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Ideum unveils new museum-ready, 55-inch multitouch table


March 28, 2011

The new MT55 HD Multitouch Table from Ideum features a 55-inch high definition LCD display with a solid state multi-touch system, and is powered by a quad-core processor and NVIDIA graphics

The new MT55 HD Multitouch Table from Ideum features a 55-inch high definition LCD display with a solid state multi-touch system, and is powered by a quad-core processor and NVIDIA graphics

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As its name suggests, the new MT55 HD Multitouch Table from Ideum features a 55-inch high definition LCD display which can support multiple simultaneous touch points. Standing at an Americans with Disabilities Act-friendly 31 inches tall, the powder coated, aluminum and steel pedestal table has a powerful quad-core processor and NVIDIA graphics running the show, supported by dual hard drives and DDR3 memory. A useful feature for the museum and tradeshow settings that the table is likely to find itself in, is the ability to lock the power switch out of harm's way and keep the ports hidden from view.

At the heart of the MT55 HD Multitouch Table is a 64-bit Windows 7 Professional computer system sporting an Intel Core i7 quad-core processor running at 2.93GHz, NVIDIA's Quadro 600 PCIe graphics with 1GB of dedicated memory, dual 250GB SATA HDDs spinning at 7200RPM and 4GB of DDR3 RAM. Wireless connectivity takes the form of 802.11n Wi-Fi and Bluetooth, with a Bluetooth keyboard with integrated trackpad also included. Physical connectivity includes USB 2.0, HDMI-out and Ethernet - all of which are hidden away - and there's 3.5mm audio input and output jacks, too.

Like Touchscape's multi-touch coffee table, the MT55 HD sports an LCD multi-touch surface. However, the latter is a 55-inch LED backlit LCD Display with a luminance of 500 cd/m2 at 120Hz and protected by a haptic, ultra-clear, 5mm tempered glass surface. The 1080p full HD display features a 4,000,000:1 contrast ratio and a 178 degree viewing angle, and its solid state optical multitouch system can support up to 32 simultaneous touch points with a 7-12 ms touch response time.

Ideum's Jim Spadaccini told us that, like the company's 100-inch multitouch monster, the table has four blue LED lights underneath the surface to provide 'ground effects' – there is a controller that allows the brightness to be adjusted (or they can be turned off).

As well as high definition visuals, users can also look forward to some decent audio thanks to an amplified Bose Articulated Array 191 stereo sound system. The MT55 HD also has integrated 1200 W surge protection and UPS backup and filtered air cooling.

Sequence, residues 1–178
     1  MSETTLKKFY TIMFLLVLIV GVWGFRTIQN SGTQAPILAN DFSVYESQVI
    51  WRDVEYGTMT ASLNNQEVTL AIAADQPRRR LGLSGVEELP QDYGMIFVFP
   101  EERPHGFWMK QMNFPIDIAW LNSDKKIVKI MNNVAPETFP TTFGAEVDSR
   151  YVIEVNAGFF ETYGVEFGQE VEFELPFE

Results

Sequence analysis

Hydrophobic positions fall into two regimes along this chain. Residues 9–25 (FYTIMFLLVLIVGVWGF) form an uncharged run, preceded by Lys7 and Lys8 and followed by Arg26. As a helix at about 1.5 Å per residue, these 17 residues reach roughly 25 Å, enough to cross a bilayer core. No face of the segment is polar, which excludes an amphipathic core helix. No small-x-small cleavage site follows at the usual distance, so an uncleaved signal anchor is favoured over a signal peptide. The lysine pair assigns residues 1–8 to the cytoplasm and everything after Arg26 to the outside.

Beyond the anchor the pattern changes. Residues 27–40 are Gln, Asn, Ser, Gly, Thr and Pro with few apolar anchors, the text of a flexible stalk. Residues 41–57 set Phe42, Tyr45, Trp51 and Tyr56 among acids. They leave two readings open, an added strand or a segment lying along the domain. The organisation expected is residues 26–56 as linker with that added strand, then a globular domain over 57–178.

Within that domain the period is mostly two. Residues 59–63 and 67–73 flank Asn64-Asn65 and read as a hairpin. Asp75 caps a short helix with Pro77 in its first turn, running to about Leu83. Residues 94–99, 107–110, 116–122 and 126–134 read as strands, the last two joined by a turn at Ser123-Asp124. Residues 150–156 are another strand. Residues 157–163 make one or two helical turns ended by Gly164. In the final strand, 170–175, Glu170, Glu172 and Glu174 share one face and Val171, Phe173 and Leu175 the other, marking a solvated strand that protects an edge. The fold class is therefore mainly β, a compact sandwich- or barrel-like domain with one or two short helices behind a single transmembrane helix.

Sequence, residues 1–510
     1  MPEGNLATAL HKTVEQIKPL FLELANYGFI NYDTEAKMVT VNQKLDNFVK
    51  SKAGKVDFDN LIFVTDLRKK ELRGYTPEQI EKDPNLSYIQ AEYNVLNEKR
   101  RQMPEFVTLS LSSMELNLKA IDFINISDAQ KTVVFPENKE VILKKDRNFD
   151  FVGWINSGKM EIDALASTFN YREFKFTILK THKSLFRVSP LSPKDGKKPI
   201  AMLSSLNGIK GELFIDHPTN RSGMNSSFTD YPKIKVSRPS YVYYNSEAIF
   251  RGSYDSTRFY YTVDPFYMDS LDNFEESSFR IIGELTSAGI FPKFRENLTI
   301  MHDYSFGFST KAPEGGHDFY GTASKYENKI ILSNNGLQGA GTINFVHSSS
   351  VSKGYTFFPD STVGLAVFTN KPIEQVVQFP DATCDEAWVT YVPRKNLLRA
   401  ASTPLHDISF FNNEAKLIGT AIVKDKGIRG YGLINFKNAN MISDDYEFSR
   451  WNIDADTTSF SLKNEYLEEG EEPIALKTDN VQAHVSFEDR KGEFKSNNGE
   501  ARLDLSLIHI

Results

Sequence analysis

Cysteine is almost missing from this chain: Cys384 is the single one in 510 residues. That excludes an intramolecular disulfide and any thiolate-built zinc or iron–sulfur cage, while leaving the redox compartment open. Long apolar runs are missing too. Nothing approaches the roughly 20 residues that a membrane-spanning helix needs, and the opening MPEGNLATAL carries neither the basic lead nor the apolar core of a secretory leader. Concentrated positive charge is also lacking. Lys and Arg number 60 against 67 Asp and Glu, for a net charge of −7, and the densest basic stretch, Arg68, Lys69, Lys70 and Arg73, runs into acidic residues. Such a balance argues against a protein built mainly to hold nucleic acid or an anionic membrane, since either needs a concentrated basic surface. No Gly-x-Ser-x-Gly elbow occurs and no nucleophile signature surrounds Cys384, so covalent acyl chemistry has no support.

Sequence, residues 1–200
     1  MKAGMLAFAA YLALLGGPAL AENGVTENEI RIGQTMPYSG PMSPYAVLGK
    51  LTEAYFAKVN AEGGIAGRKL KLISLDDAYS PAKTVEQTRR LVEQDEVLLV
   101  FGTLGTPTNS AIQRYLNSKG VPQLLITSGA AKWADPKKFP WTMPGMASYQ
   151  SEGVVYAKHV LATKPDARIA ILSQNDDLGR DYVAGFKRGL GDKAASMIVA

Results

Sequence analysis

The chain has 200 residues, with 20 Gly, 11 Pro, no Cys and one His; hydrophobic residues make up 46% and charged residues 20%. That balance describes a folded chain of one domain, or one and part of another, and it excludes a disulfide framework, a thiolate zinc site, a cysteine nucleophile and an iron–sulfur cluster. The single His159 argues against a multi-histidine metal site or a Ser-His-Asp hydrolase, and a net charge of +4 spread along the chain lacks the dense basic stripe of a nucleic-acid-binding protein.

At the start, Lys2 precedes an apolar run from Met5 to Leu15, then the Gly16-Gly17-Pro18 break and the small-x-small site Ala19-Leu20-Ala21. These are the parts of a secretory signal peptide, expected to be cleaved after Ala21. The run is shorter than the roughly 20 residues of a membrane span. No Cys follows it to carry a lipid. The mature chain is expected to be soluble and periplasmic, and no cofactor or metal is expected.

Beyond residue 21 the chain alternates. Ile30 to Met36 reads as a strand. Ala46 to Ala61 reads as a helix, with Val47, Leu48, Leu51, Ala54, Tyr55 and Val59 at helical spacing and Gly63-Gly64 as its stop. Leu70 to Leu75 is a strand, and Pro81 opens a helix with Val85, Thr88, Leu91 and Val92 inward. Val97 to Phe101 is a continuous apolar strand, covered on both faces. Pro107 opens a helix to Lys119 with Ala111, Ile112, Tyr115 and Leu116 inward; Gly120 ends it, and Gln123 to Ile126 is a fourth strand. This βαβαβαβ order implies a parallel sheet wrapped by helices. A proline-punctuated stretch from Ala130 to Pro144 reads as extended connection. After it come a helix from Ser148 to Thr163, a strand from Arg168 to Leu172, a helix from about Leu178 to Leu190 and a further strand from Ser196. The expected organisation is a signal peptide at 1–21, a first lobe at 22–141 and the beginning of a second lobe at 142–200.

Together with development software options for programming languages like C++ and Java, the Table ships with GestureWorks for Flash and Flex SDK – which includes almost a dozen pre-built components (including onscreen keyboard and image a video handlers) and supports over 200 gestures. The license also includes access to a growing library of open source multitouch-enabled exhibit components at Open Exhibits.

The entire 31 x 31.5 x 52.5-inch (78 x 80 x 133.5 cm), 350 pounds (136kg) unit is shipped assembled, has single button operation and is designed to work straight out of the crate.

About the Author
Paul Ridden While Paul is loath to reveal his age, he will admit to cutting his IT teeth on a TRS-80 (although he won't say which version). An obsessive fascination with computer technology blossomed from hobby into career before the desire for sunnier climes saw him wave a fond farewell to his native Blighty in favor of Bordeaux, France. He's now a dedicated newshound pursuing the latest bleeding edge tech for Gizmag. All articles by Paul Ridden

I know the pace of technological change increases exponentially but it\'s amazing to think new innovations are immediately ready for the museum.


A unique product.

Although, the screens would be more "user friendly", if they could be easily adjusted from the flat, to various upright positions, and from either side of the screen your on. Allowing a person to sit, or stand, in front of the screen, as an artist would at an easel.

Another useful positioning feature, would be to have the capability of adjusting the overall height of the screen, while either in the flat, or suggested, vertical positions.

Obviously, more expense would be involved in manufacturing these features into the product, but the overall usability of the screens would definitely be enhanced.

All in all, a great looking product!

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